Compassion Corner: Clinical Trial Participants Give Doctors Lower Scores Based on Delivery of Unfavorable Diagnoses

Compassion [kuhmpash-uhn] noun
A feeling of deep sympathy and sorrow for another who is stricken by misfortune, accompanied by a strong desire to alleviate the suffering.

Compassion Corner is a weekly series from Patient Worthy that will focus on the subject of compassion in the healthcare and rare disease space. In this series, we explore the role of compassion in this field and what it means for caregivers, patients, and others.



In view of the efforts by the clinical research industry to engineer a major facelift, an online article previously published at JAMA Network remains relevant today.


The trial consisted of one hundred eligible English-speaking adult patients attending the MD Anderson Supportive Care Clinic. The patients had all received a previous diagnosis of advanced cancer.

One of the trial objectives is to determine if the reason some physicians are reluctant to deliver ‘bad news’ is their fear of being deemed less compassionate.

The Original Investigation

Patients were to watch two 4-minute videos in which physicians (actors) conveyed an optimistic diagnosis in one video and a less optimistic diagnosis in the second video.

One of the videos showed the physician telling the patient that there were no further options available. In the second video, the physician spoke vaguely about the possibility of future treatment.

After viewing both videos, the patients were to complete the Physician Compassion Questionnaire in which they rated the physicians on a scale of 0 to 50 with 50 being the lowest rating.

The study participants and the actors in the video who portrayed patients and physicians were not informed of the reason for the study. Nor were the trial investigators privy to the theme of the videos.

In the videos, both physicians made the same number of compassionate statements even using identical postures. The patients in the video were portrayed as having received chemotherapy, were not performing well, and were not candidates for further therapy.

Survey Results

Results of the surveys indicate that by a wide margin, patients viewed physicians who gave the more optimistic message as more compassionate.

Many physicians are reluctant to give less optimistic diagnoses to patients in fear of destroying hope, causing emotional distress, appearing less compassionate, being blamed, or even having to cope with their own emotions.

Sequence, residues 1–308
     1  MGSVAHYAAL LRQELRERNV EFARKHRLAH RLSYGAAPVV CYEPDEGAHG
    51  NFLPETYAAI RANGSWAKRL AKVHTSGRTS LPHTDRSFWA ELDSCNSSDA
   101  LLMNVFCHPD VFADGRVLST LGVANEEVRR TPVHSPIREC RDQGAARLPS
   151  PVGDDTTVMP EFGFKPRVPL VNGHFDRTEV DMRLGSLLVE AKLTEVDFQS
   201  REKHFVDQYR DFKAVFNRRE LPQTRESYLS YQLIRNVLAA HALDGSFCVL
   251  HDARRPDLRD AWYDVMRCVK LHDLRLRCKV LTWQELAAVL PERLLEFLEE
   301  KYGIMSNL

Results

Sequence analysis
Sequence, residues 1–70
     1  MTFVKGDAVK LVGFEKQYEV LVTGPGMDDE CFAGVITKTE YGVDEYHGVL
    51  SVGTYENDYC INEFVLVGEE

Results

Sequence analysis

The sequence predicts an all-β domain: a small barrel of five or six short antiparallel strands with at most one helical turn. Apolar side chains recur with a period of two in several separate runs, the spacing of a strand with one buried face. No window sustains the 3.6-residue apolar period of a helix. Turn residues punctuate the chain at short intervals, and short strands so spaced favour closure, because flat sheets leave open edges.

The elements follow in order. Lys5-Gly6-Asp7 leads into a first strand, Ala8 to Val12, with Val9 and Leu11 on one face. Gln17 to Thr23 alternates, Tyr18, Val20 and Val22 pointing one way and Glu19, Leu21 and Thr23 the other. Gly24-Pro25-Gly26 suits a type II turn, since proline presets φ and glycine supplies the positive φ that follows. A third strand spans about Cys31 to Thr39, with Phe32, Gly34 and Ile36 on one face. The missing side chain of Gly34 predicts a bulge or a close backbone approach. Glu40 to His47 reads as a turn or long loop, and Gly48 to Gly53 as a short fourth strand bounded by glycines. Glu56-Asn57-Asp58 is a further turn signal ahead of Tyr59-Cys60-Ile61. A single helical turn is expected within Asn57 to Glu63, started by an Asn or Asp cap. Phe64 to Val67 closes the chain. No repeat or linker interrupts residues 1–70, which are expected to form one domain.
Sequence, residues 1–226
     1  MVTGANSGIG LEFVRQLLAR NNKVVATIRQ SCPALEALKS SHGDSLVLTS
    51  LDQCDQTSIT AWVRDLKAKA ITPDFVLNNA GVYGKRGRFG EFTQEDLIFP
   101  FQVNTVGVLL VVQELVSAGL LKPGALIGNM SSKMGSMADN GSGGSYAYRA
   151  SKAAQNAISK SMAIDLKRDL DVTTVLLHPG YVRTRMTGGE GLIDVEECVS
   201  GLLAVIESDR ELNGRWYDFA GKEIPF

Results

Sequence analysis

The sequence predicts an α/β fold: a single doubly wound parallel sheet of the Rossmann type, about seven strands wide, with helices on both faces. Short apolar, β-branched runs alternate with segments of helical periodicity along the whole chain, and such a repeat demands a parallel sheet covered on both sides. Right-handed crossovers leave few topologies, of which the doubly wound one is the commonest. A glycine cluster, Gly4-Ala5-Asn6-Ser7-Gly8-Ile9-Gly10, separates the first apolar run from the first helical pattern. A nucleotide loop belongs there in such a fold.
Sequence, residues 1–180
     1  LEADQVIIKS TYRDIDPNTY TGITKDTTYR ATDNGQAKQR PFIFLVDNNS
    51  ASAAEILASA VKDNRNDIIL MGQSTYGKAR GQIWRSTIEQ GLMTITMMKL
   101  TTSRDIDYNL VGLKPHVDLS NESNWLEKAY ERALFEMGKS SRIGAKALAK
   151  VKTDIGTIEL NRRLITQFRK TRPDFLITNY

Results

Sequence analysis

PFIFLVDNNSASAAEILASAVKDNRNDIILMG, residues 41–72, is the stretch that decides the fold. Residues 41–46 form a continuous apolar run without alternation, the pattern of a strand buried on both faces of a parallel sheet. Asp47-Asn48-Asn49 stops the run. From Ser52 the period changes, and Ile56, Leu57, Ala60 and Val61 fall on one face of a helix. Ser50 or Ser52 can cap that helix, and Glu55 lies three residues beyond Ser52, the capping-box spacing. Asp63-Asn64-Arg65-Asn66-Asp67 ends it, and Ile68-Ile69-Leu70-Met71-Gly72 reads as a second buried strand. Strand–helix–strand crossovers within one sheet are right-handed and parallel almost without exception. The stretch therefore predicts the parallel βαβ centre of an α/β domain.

Compassion can be defined as the awareness of a person’s suffering with the sincere intention of alleviating it. Compassion is a vital component of patient-centered healthcare and improved outcomes.

End of Life Decisions

It has been established that a large segment of patients with cancer in the advanced stages reach the end of life phase without knowing the extent of their illness.

For example, a study of 1193 patients found that 69% of advanced lung cancer patients and 81% of patients with colorectal cancer were not told that chemotherapy may not be effective against their cancer.

It has been found that many patients reach the end-of-life stage without ever discussing these issues.

Yet knowing treatment options as well as prognosis is essential to assist patients with their decision-making. But the information must be given to the patient appropriately. End-of-life discussions between patients and physicians result in improved care that is consistent with the patient’s values.


Physicians can be supported in their reluctance to deliver an unfavorable diagnosis through appropriate educational techniques and research. This would help the physician outwardly express their sincere feelings of compassion.

Rose Duesterwald

Rose Duesterwald

Rose became acquainted with Patient Worthy after her husband was diagnosed with Acute Myeloid Leukemia (AML) six years ago. During this period of partial remission, Rose researched investigational drugs to be prepared in the event of a relapse. Her husband died February 12, 2021 with a rare and unexplained occurrence of liver cancer possibly unrelated to AML.

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